• Increased flexibility and range of motion
  • Improved muscle tone and strength
  • Enhanced respiration, energy, and vitality
  • Better circulation and cardiovascular health

As Christians, stewarding our physical bodies wisely allows us to be better equipped for acts of service and sharing the gospel with others.

Yoga With Biblical Affirmations Rather Than Spiritual Chanting

Traditional yogic mantras and chanting can conflict with Christian beliefs. However, many yoga instructors offer alternate versions, replacing the traditional mantras with biblically-based affirmations or completely removing the chanting altogether.

For example, words like “Jesus” or “Hallelujah” could be repeated instead of the traditional Sanskrit terms during yoga sessions.

Traditional Mantra Biblical Affirmation Alternative
Om/Aum Jesus, Hallelujah, Amen

This allows Christians to enjoy the physical aspects of yoga without compromising core theological principles. Christians can also opt to practice yoga at home with worship music rather than worldly or New Age-inspired playlists.

Yoga as Exercise Rather Than Religion

While yoga does have historical ties with Eastern religions like Hinduism and Buddhism, modern yoga practiced primarily for exercise and health reasons does not necessarily contradict Christian doctrine.

The physical postures and breathing techniques maintain value for fitness goals even when divorced from the mystical dimensions they once held.

Similar to concepts like meditation and mindfulness, the context and intent behind yoga determines its compatibility with Christianity. While Ye cannot serve two masters, regular exercise focused on physical conditioning without adherence to non-Christian spiritual elements does not inherently conflict with scriptural teachings.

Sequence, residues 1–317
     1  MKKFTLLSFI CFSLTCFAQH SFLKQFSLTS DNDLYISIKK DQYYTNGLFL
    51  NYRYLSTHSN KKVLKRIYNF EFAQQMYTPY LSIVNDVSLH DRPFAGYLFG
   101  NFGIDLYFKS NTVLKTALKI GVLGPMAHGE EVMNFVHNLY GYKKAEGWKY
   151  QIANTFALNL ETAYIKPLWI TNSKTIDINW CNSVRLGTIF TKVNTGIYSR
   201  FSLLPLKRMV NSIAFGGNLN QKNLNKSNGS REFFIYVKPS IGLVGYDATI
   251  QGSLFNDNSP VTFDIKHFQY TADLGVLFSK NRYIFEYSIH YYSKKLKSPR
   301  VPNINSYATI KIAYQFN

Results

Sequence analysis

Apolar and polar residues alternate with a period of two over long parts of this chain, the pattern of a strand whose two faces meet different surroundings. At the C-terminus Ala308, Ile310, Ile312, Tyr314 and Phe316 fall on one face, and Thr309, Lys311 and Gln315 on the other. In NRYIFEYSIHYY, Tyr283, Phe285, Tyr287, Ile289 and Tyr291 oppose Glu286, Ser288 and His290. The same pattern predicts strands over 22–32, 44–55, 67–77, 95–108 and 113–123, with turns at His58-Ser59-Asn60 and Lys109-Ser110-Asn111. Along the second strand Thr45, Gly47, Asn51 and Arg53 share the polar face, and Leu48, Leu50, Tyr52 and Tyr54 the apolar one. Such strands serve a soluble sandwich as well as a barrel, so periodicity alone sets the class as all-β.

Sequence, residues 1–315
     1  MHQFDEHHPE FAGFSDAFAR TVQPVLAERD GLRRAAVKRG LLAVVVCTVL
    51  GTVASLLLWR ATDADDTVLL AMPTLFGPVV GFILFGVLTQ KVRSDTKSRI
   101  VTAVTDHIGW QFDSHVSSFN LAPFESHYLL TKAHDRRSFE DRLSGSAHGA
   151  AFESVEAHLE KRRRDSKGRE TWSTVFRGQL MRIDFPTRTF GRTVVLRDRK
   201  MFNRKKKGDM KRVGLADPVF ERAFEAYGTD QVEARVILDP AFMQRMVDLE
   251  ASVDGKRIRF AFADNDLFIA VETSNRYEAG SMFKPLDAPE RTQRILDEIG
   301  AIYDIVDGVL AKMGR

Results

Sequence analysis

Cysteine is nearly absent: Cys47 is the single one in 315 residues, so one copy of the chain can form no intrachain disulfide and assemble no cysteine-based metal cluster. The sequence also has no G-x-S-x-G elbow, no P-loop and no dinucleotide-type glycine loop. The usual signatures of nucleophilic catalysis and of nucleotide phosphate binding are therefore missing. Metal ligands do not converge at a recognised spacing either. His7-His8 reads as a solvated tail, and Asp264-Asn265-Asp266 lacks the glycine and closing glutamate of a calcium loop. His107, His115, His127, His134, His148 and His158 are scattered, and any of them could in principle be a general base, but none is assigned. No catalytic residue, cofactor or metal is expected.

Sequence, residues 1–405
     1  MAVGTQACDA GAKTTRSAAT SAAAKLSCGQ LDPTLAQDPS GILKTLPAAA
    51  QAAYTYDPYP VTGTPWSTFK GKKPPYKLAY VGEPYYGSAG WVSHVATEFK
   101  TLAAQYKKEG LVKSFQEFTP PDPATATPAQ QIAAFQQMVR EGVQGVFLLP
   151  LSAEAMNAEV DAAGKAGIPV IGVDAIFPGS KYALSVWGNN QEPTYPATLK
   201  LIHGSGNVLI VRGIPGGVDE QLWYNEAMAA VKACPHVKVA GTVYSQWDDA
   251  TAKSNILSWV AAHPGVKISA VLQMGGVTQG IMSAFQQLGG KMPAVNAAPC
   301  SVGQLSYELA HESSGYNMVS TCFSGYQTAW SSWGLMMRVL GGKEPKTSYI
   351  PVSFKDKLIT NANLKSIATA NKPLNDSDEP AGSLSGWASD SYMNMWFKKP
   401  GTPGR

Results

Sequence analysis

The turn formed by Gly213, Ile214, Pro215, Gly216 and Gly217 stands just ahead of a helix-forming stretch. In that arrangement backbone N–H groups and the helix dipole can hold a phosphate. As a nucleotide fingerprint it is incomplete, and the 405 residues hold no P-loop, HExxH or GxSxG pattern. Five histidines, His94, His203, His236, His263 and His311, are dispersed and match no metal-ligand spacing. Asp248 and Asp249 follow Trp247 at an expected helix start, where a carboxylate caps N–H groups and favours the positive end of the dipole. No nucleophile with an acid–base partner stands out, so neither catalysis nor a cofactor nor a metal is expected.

Best Practices for Christians Interested in Yoga

Investigate Your Yoga Studio

With yoga’s roots in Eastern spirituality, many studios integrate practices that conflict with Christian beliefs. Before signing up for classes, kindly ask about the studio’s philosophy, imagery, music, chanting, and worship practices to ensure alignment with your faith.

Ideally, find a studio that focuses on the physical benefits without heavy emphasis on Hindu spiritual elements. Some churches and Christian organizations now offer “Christ-centered yoga” classes, removing objectionable elements while retaining the yoga poses and breathing exercises.

Adapt the Practice to Your Beliefs

If your local yoga classes include spiritual elements you wish to avoid, consider asking the instructor to minimize chanting, replacing namastes with a simple hello or goodbye, and using neutral terminology like “Supreme Being” instead of Hindu names.

Be respectful but honest about your faith-based needs. Most instructors will gladly accommodate. You can also skip portions that make you uncomfortable without disrupting the class. A home practice lets you design sessions however you wish.

Focus on Physical rather than Spiritual Benefits

Approaching yoga as a form of exercise rather than worship helps reconcile it with Christianity. While some enthusiasts tout mystical energy and consciousness expansion, many use yoga strictly for physical health without subscribing to spiritual aspects.

As the Bible encourages stewardship of our bodies (1 Corinthians 6:19-20), view yoga as a tool for strength, flexibility, balance, pain relief, and stress management. The meditative focus on breathing can calm the mind while postures challenge muscles.

Take advantage of these impressive physical benefits while keeping your heart and mind centered on God.


Christians come down on both sides of the yoga debate. Some view yoga as an inseparable part of Hindu spiritual practice and encourage Christians to avoid it. Others see value in the physical benefits of yoga and believe Christians can do yoga if they avoid spiritual elements by not chanting mantras and instead focusing on exercise and breathing techniques.

There are good arguments on both sides, so Christians must pray and seek wise counsel to decide what is right for them.

The most important thing is keeping your faith whole and guarding against any subtle deception or erosion of beliefs through spiritual influences contrary to Christianity. But with responsible practices like investigating yoga studios, adapting the poses, and concentrating on physical wellness, yoga can be one option among many healthy lifestyle choices for some believers.